More complicated level creation with variable numbers of observations

add_level() can be used to create more complicated patterns of nesting. For example, when creating lower level data, it is possible to use a different N for each of the values of the higher level data:

variable_data <-
  fabricate(
    cities = add_level(N = 2, elevation = runif(n = N, min = 1000, max = 2000)),
    citizens = add_level(N = c(2, 4), age = runif(N, 18, 70))
  )
variable_data
cities elevation citizens age
1 1778 1 46
1 1778 2 50
2 1499 3 35
2 1499 4 65
2 1499 5 34
2 1499 6 23

Here, each city has a different number of citizens. And the value of N used to create the age variable automatically updates as needed. The result is a dataset with 6 citizens, 2 in the first city and 4 in the second. As long as N is either a number, or a vector of the same length of the current lowest level of the data, add_level() will know what to do.

It is also possible to provide a function to N, enabling a random number of citizens per city:

my_data <-
  fabricate(
    cities = add_level(N = 2, elevation = runif(n = N, min = 1000, max = 2000)),
    citizens = add_level(N = sample(1:6, size = 2, replace = TRUE), age = runif(N, 18, 70))
  )
my_data
cities elevation citizens age
1 1850 1 53
2 1128 2 55
2 1128 3 45
2 1128 4 42
2 1128 5 47
2 1128 6 69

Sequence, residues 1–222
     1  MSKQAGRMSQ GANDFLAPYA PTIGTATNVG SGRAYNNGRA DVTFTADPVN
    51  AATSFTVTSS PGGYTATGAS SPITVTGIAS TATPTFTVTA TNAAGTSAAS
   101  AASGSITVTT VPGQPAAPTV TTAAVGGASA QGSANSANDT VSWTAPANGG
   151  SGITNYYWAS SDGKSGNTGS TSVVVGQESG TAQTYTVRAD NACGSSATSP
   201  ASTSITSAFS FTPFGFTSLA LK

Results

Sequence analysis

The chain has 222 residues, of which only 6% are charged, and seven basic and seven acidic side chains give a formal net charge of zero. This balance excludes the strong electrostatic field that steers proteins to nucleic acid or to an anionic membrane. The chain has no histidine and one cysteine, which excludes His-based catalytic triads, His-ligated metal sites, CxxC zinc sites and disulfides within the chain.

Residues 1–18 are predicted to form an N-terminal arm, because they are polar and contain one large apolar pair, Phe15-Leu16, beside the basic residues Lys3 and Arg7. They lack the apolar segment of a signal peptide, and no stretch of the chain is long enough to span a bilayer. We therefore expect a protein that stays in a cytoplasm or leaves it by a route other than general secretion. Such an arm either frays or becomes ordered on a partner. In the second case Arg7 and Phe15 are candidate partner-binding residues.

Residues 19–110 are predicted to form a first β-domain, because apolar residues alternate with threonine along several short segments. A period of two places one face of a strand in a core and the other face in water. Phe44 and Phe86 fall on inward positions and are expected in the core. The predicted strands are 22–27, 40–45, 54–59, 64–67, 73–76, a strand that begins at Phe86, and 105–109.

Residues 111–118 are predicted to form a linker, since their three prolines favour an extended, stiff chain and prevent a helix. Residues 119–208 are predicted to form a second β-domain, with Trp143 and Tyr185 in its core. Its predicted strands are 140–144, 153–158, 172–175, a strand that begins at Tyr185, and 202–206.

Here, each city is given a random number of citizens between 1 and 6. Since the sample() function returns a vector of length 2, this is like specifying 2 separate Ns as in the example above.

It is also possible to define N on the basis of higher level variables themselves. Consider the following example:

variable_n <- fabricate(
  cities = add_level(N = 5, population = runif(N, 10, 200)),
  citizens = add_level(N = round(population * 0.3))
)
cities population citizens
1 90 001
1 90 002
1 90 003
1 90 004
1 90 005
1 90 006

Here, the city has a defined population, and the number of citizens in our simulated data reflects a sample of 30% of that population. Although we only display the first 6 rows for brevity’s sake, the first city would have 27 rows in total.

Finally, it is possible to define N on the basis of higher level N:

n_inherit <- fabricate(
  cities = add_level(N = 5, population = runif(N, 10, 200)),
  citizens = add_level(N = sample(1:10, N, replace=TRUE))
)

Here, each city has a random number of citizens from 1 to 10, but we need to supply N to the sample function to ensure that one draw is made per city.

Tidyverse integration

Because the functions in fabricatr take data and return data, they are cross-compatible with a tidyverse workflow. Here is an example of using magrittr’s pipe operator (%>%) and dplyr’s group_by and mutate verbs to add new data.

library(dplyr)

my_data <-
  fabricate(
    cities = add_level(N = 2, elevation = runif(n = N, min = 1000, max = 2000)),
    citizens = add_level(N = c(2, 3), age = runif(N, 18, 70))
  ) %>%
  group_by(cities) %>%
  mutate(pop = n())

my_data
cities elevation citizens age pop
1 1895 1 61 2
1 1895 2 46 2
2 1451 3 62 3
2 1451 4 55 3
2 1451 5 42 3

It is also possible to use the pipe operator (%>%) to direct the flow of data between fabricate() calls. Remember that every fabricate() call can import existing data frames, and every call returns a single data frame.

my_data <-
  data_frame(Y = sample(1:10, 2)) %>%
  fabricate(lower_level = add_level(N = 3, Y2 = Y + rnorm(N)))
my_data
Y lower_level Y2
4 1 3.3
4 2 3.8
4 3 4.6
10 4 10.0
10 5 10.0
10 6 10.3